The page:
The first sleeve set I purchased was the DD Hammock Sleeve as I was using their camping hammock at the time.  The DD sleeve is very thin and light (60g) and has the requisite weather proofing qualities, it’s about 2 ½m long so one will easily cover the entire hammock but I have seen some people using one on either end. (Always check the length and overall size of your hammock, the length may be perfect but some XL or double hammocks will simply have too much material to fit easily within this sleeve) They cost around £9 each so are relatively inexpensive. A nice feature of this sleeve is the drawstring at either end to cinch it tightly around the end, this ensures that it will stay in place.

Above: DD single Hammock Sleeve

As with all sleeves they are very easy to fit, I would recommend fitting it to your hammock when its hanging as having some tension really helps it to slide over the hammock smoothly.

My preferred sleeve is the Hennessey Snakeskins. Primarily sold in pairs (one for each end of the hammock) they cost around $20 in the States and are currently sold on amazon.co.uk for £18.99 (pair). These skins also weigh 60g so no difference there but they are designed to be used as a pair with one sitting at either end of the hammock. There is no drawstring on these as the ends are tapered just big enough to accommodate the cordage. (Whoopie slings are ideal for this as some hammocks such as the basic ranges from DD come with thick heavy webbing that only just fit through the hole)

The really cool feature of the Snakeskins is that the sliding end of the sleeve is reinforced to keep it open in an ellipse shape, this makes sliding much easier and quicker. Each snakeskin is just over 2m long so you will have no problem covering even the biggest hammocks.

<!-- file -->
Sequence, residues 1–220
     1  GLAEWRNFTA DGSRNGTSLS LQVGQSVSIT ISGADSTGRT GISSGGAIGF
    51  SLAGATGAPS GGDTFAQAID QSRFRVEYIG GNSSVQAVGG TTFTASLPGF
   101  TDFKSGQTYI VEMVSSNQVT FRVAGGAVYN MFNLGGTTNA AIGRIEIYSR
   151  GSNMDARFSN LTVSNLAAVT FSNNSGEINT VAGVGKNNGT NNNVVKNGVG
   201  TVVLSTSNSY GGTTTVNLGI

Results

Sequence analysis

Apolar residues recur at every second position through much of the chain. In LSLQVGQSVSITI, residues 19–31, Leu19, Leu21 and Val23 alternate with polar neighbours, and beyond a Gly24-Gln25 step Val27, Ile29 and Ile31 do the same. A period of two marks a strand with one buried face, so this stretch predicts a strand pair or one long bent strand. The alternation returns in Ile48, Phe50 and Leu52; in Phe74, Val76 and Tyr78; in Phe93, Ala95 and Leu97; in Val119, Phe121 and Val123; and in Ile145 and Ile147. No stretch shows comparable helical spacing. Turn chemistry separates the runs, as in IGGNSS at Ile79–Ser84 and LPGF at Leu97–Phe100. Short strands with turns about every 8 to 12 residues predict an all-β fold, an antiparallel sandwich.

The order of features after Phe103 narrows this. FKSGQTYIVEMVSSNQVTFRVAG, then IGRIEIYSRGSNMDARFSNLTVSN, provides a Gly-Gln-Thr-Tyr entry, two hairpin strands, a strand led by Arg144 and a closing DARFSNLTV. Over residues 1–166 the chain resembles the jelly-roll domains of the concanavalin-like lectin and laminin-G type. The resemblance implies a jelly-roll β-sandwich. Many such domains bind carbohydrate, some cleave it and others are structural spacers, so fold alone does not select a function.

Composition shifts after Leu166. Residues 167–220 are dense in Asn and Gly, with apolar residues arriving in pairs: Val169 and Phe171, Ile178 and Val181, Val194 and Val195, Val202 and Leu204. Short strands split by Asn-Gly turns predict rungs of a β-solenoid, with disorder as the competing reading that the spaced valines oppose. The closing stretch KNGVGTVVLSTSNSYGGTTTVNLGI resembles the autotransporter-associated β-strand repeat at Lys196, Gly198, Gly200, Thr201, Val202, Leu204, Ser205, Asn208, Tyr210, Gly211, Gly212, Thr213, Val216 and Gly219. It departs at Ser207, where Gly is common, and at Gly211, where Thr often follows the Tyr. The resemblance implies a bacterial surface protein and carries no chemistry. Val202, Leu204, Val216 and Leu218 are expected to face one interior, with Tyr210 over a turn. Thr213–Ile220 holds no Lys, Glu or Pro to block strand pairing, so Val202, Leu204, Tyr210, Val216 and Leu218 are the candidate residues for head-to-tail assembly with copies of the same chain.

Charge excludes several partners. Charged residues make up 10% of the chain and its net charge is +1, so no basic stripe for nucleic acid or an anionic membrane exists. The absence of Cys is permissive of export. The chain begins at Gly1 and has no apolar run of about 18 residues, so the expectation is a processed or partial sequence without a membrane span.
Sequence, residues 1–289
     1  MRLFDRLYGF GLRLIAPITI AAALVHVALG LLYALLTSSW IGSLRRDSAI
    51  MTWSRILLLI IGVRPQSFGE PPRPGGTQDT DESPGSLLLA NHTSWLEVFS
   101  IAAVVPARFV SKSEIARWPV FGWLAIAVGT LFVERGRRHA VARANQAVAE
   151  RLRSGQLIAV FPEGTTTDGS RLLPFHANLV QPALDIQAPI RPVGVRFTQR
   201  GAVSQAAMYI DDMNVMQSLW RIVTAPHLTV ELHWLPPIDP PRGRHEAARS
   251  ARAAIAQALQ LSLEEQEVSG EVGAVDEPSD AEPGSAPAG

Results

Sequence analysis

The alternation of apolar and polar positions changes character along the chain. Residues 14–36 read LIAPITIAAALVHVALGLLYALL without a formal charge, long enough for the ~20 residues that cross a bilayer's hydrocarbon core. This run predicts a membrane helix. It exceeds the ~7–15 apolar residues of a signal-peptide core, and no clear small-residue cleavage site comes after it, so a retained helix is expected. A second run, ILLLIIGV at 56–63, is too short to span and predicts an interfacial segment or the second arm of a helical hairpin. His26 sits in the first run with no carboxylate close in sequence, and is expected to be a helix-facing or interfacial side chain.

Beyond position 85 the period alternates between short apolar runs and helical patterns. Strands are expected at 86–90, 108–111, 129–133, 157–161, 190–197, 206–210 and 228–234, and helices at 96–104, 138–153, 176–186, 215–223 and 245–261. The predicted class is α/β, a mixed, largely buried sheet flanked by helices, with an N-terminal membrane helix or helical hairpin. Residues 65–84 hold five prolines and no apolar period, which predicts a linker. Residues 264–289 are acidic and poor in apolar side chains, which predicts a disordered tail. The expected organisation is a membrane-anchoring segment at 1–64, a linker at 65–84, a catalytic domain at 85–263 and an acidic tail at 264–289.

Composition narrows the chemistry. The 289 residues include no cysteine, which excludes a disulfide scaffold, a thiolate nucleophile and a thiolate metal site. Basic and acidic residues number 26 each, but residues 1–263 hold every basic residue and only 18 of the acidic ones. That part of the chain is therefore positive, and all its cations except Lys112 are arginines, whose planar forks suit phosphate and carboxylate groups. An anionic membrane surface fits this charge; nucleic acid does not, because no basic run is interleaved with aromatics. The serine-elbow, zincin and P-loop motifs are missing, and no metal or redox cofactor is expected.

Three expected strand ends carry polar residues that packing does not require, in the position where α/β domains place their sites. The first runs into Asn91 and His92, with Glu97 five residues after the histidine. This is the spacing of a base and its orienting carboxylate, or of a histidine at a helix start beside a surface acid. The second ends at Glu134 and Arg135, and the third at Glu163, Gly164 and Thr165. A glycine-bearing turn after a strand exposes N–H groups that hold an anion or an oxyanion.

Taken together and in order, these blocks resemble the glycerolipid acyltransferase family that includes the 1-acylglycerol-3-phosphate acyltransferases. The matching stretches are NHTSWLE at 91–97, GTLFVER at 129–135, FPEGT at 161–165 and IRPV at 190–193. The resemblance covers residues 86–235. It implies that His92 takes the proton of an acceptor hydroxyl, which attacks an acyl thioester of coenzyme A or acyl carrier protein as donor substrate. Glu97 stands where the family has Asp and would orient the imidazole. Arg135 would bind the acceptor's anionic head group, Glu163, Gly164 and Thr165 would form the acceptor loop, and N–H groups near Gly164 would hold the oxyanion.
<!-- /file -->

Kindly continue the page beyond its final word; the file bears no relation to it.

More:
Above: The reinforced oval hoop on the Hennessy SnakeSkins makes it easier to slide over the hammock.

Snakeskins are ideal during the warmer months to speed your set up as you will easily fit a lightweight sleeping bag inside. (Unfortunately, this wouldn’t be possible with the DD Sleeves)

Snakeskins are designed to be their own stuff sack so once the hammock is covered you can unclip one end and then fold / coil it up as you walk to the other end, unclip that side and wrap your cordage around it and its ready to go in your pack. If you really need the space, then it will still go into a compression sack, I did the first couple of times but I soon gave up and found better uses for my compression sack.

It is possible to use just one snakeskin on your hammock and the other for your canopy but my recommendation would be to use two on the hammock it just makes things so much easier.

The snakeskin only comes in one colour described as a forest brown, it has a very soft silky texture and both looks and feels like a snake hence the name. If you have friends with a nervous disposition its great fun to pull it out of your pack and leave it on the forest floor for them to find. Just make sure they aren’t chopping wood at the time or you may have to find new sleeping arrangements.

If you prefer a choice of colours the DD Sleeves come in green, brown and maroon.

There are other versions available, most hammock producers have their own but in general there is little difference to the DD version and for me the snakeskins from Hennessey just have that added edge. It’s worth mentioning that if you purchase a Hennessey Hammock they generally come with a set of free Snakeskins but always check the fine print, especially if your buying from a third-party supplier.

So, in conclusion, you can use your hammock just fine without sleeves but I would recommend giving them a go I highly doubt you will regret it.

It’s rare that you find stores in the UK where you can try out hammocks and their accessories which is part of the reason I wanted to write about them as I’m sure lots of people are unsure of buying this sort of kit on the internet without being able to try it out first.

If you have any questions about this or other equipment, feel free to drop me a line using the contact form from the “About” menu. I’ll do my best to get back to you as soon as possible.

Above: Be careful where you leave your snakeskins they have been known to cause heart failure if misidentified.

The Mini Adventurer has no affiliation to any of the brands mentioned within this article and has not been sponsored or otherwise compensated by them. All views expressed are based solely on experience and personal preference. All Amazon Links are provided through the Amazon Affiliate Programme.